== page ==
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Download Purity and Danger: An Analysis of Concepts of Pollution and Taboo epub

by Mary Douglas

Douglas offers an approach to understanding rules of purity by examining what is considered unclean in various cultures. She sheds light on the symbolism of what is considered clean and dirty in relation to order in secular and religious, modern and primitive life.
Download Purity and Danger: An Analysis of Concepts of Pollution and Taboo epub
ISBN: 0415066085
ISBN13: 978-0415066082
Category: Literature
Subcategory: History & Criticism
Author: Mary Douglas
Language: English
Publisher: Routledge USA and London; Reprint edition (1996)
Pages: 208 pages
ePUB size: 1931 kb
FB2 size: 1933 kb
Rating: 4.9
Votes: 600
Other Formats: lit mbr txt docx

Cutting through the epistemological deadlock of both Durkheimian project of defining religion and Maussian focus on manifestly religious activities such as sacrifice, Mary Douglas bring us into that fluid world of the everyday through her meditation on purity and danger. Purity and danger are two concepts one can find in any society and any culture. Purity and danger are two themes that concern everybody in one’s daily encounters, from the miraculous to the quotidian. And yet, each culture has its own taboos, its own rituals, and its own formulations of what constitutes as pure and as dangerous. As such, purity and danger carries us out of rigid metaphysical framework of what is and what is not, instead shed light on the relation of “order to disorder, being to non-being, form to formlessness, life to death” (7). In so doing, Douglas opens up a new path that integrates both explanation and understanding modes of doing anthropology.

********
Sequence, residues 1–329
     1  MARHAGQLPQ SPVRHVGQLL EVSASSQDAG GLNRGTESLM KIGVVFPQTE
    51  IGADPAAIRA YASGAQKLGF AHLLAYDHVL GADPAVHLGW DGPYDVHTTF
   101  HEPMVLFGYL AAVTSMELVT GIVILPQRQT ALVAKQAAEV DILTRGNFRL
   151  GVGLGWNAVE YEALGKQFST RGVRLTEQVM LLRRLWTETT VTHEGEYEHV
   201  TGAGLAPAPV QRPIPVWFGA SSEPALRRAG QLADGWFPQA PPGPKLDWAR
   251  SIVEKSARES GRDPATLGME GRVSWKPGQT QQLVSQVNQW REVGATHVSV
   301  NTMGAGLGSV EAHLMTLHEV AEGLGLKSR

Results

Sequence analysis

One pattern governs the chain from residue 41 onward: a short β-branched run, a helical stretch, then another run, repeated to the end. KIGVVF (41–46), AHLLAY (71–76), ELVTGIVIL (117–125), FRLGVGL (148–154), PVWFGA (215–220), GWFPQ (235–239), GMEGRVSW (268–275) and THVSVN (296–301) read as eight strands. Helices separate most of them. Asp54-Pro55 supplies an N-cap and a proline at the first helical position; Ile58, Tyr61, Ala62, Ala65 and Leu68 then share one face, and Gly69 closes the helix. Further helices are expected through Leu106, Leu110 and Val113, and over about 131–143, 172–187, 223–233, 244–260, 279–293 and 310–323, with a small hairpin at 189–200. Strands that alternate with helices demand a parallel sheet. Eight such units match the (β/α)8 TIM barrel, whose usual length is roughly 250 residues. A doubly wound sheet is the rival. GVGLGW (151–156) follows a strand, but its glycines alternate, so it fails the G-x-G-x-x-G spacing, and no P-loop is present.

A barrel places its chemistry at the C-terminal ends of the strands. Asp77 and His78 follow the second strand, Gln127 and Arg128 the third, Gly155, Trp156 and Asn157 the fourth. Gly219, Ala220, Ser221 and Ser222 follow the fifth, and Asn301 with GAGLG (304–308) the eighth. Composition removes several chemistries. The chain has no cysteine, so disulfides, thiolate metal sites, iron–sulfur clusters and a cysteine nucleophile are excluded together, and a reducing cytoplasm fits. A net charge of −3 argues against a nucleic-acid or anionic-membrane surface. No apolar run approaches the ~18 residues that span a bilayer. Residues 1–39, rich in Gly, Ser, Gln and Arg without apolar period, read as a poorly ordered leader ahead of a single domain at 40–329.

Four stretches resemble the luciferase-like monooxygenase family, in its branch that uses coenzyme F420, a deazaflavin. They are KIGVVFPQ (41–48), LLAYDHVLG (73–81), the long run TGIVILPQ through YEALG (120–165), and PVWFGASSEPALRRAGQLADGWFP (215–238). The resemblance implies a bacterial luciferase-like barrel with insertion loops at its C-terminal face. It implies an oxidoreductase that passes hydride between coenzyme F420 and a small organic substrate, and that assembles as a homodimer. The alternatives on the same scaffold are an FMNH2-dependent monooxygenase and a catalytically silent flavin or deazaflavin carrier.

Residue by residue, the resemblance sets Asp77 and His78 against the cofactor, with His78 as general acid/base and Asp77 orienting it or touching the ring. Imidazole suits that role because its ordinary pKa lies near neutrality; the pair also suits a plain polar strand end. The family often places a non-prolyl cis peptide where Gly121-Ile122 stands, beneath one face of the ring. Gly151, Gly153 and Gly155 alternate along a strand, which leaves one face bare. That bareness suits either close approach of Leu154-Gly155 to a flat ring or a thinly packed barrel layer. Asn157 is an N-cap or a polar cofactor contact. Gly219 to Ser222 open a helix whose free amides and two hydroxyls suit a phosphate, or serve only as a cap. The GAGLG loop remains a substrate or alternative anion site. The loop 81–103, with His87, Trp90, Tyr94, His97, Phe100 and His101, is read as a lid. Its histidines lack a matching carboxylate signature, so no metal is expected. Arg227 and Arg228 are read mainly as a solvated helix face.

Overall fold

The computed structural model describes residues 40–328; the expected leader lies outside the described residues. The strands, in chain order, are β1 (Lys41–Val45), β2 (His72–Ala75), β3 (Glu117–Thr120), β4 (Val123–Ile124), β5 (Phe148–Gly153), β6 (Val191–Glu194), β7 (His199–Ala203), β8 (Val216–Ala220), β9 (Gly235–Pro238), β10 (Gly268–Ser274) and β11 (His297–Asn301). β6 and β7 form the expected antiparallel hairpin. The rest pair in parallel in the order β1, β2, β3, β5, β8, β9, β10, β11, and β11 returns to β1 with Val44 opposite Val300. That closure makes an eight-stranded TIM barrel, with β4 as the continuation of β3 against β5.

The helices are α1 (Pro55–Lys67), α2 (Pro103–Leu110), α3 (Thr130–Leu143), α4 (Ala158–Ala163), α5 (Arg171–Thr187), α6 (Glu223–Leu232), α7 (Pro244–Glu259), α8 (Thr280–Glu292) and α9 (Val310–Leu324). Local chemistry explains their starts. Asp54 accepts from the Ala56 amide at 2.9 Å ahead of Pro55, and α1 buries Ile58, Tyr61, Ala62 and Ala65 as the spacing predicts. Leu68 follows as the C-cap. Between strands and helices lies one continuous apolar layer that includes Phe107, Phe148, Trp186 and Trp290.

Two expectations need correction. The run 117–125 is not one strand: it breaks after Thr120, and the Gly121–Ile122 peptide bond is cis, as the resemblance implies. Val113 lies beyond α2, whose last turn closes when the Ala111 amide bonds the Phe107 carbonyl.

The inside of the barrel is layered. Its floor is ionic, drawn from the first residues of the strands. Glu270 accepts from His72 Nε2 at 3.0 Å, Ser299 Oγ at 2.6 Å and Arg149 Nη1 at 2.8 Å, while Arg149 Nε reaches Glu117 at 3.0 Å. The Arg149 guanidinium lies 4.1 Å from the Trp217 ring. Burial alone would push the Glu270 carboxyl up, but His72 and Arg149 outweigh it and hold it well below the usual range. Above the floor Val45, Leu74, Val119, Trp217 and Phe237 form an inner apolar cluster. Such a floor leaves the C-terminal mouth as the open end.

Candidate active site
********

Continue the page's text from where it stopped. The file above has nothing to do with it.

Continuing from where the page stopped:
The core of her methodological ingenuity (instead of merely choosing an interesting topic) lies in her comparative method: “In the first place we shall not expect to understand religion if we confine ourselves to considering belief in spiritual beings, however the formula may be refined… Rather than stopping to chop definitions, we should try to compare peoples’ views about man’s destiny and place in the universe. In the second place we shall not expect to understand other people’s ideas of contagion, sacred or secular, until we have confronted our own.”(35, my italic) By looking into the everyday (her first method of comparison), her meditation walks us from the mundane to the sacred and demonstrates how religion/cosmology and social order emerge from daily life and how such perceived order in turn governs one’s lived experience. By reflecting upon one’s own views (her second method of comparison), she weights both one’s own and the other’s views on the same footing. The danger of explanatory mode of scholarship lies NOT in trying to explain the Other per se but in holding oneself ABOVE the explanatory system and hence imposing one’s unexamined standards upon the Other. This mutual comparison (meaning comparison with self-reflection and subjecting oneself to the same standard as the subject being explained) reveals that understanding and explaining are co-constitutive and mutually illuminating, which enables us to move fluidly between the insider/outsider divide and bridging cultures through knowledge building.
This is one of the most famous and still relevant works about what are behind any given cultures concepts on cleanliness and impurity. Written in an accesible language so even interested laypersons can benefit from Mary Douglas' scholarly research. If you are intersted in Biblical criticism and/or anthropology - this book belongs in your bookshelf. It is simply a classic.